Cold War, Hot Peace

Cold War, Hot Peace


Tomás Saraceno, DOF (Degrees of Freedom), 2014. Cheorwon Peace Observatory, DMZ, Korea.

February 22, 2015

Cold War, Hot Peace
February 26–April 12, 2015

Opening: February 26, 6:30–8:30pm

4017 Walnut Street
Philadelphia, PA 19104-3513

T +1 215 701 4627
F +1 215 764 5783

Slought, the Department of English and the Program in Cinema Studies at the University of Pennsylvania are pleased to announce Cold War, Hot Peace, an exhibition about the REAL DMZ PROJECT curated by Sunjung Kim and Nikolaus Hirsch. The exhibition features works by artists—including Mark Lewis, Yang Ah Ham, Dongsei Kim, Florian Hecker, Ingo Niermann, Tomás Saraceno, John Skoog, Koo Jeong A, and others—that explore inner-Korean border areas near Cheorwon-gun in South Korea. 

Korea, with its antagonistic division north and south of the Military Demarcation Line around the 38th parallel, remains frozen in time, yet in permanent threat of the overheated political paranoia along the world’s most heavily armed border. The 60-year-long ceasefire has created its own spatial paradoxes and cultural ironies, a time caught somewhere between cold war and hot peace. 

After the Korean War came to a halt with the ceasefire agreement on July 27, 1953, the DMZ was immediately installed: four kilometers wide and 248 kilometers across, giving the entire peninsula an ideologically insecure security belt of sorts. South of it, the Civilian Control Line was set up some five to 15 kilometers from the Southern Limit Line, and the area in-between came to be called the Civilian Control Zone. Since then, the hot war has turned into what could be seen as the last relic of the now-very-real Cold War. Indeed, the impact of ideology remains omnipresent: an oppressive presence of military infrastructures such as checkpoints, fences, and guard posts; and the sites of the so-called “Security Tour” such as the DMZ Peace Plaza and the Cheorwon Peace Observatory that reflects Sunshine politics. The other, often neglected reality is the DMZ’s wild natural landscape with its rare species and agricultural territory cultivated by farmers in the Civilian Control Zone, an area in which civilian access is strictly regulated.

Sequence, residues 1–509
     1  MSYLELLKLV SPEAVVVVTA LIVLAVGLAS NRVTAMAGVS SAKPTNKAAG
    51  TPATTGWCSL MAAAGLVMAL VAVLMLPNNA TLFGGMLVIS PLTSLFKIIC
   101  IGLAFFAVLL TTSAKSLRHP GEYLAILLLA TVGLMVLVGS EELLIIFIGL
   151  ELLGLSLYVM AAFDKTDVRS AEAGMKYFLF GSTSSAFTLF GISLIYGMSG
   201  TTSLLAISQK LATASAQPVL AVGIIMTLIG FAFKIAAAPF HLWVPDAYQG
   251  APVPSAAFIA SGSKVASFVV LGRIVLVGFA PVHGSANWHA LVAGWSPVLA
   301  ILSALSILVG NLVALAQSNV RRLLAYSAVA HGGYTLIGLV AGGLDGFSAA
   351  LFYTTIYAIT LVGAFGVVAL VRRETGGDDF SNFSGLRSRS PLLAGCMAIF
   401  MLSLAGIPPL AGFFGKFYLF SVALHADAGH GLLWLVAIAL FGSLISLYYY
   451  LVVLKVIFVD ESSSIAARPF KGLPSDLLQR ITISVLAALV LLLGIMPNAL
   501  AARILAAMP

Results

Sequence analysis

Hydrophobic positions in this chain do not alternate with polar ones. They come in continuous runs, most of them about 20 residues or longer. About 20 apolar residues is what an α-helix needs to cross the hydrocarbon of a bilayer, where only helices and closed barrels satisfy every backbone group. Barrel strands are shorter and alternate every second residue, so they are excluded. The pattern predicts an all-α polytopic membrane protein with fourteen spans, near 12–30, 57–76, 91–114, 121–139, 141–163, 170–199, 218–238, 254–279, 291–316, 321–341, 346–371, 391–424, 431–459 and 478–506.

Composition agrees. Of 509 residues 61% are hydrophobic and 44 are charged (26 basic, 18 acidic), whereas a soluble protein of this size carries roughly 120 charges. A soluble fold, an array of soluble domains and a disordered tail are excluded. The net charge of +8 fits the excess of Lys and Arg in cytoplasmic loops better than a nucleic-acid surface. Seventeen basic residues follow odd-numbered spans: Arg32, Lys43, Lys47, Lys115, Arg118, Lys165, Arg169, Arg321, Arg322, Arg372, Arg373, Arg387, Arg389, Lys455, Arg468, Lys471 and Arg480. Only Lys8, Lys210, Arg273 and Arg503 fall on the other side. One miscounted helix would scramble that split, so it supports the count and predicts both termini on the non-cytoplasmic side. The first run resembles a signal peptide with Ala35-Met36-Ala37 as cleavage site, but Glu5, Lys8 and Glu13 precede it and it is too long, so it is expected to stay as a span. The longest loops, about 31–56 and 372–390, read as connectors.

The REAL DMZ PROJECT is a contemporary art project based on research conducted on the Demilitarized Zone (DMZ). Having begun with a critical perspective on the ironies that surround the Demilitarized Zone, the project has expanded by experimenting not only with artworks in situ but also within the field of the humanities and social sciences. Hence the project investigates the paradoxical conditions of conflict while imagining a new, alternative reality for the Demilitarized Zone. The REAL DMZ PROJECT strives to give voice to the historical, political, and social strife that has resulted from the political division. The project approaches the issue from the perspective of the participating artists, shedding light on the ruptured and distorted perceptions, the forgotten or erased stories, and the untimely speculations about the future.

Participants: Mark Lewis, Koo Jeong A, Tomás Saraceno, Yang Ah Ham, Dongsei Kim, Florian Hecker, Ingo Niermann, Okkyung Lee, John Skoog, Thomas Keenan

Curated by Sunjung Kim and Nikolaus Hirsch

Roundtable on February 26 with Nikolaus Hirsch and Thomas Keenan
Performance by Okkyung Lee

In cooperation with Artsonje Center, Samuso – Space for contemporary art Supported by Arts Council Korea, Cheorwon County, Goethe-Institut Korea

For further information: / 

Slought (‘Sl-aw-t’) is a non-profit organization on the campus of the University of Pennsylvania that engages publics in dialogue about cultural and socio-political change in Philadelphia, the world, and the cloud. For over a decade, we have worked with artists, communities, and institutions worldwide to develop projects that encourage inclusiveness, advocacy, and the sharing of knowledge.  



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February 22, 2015

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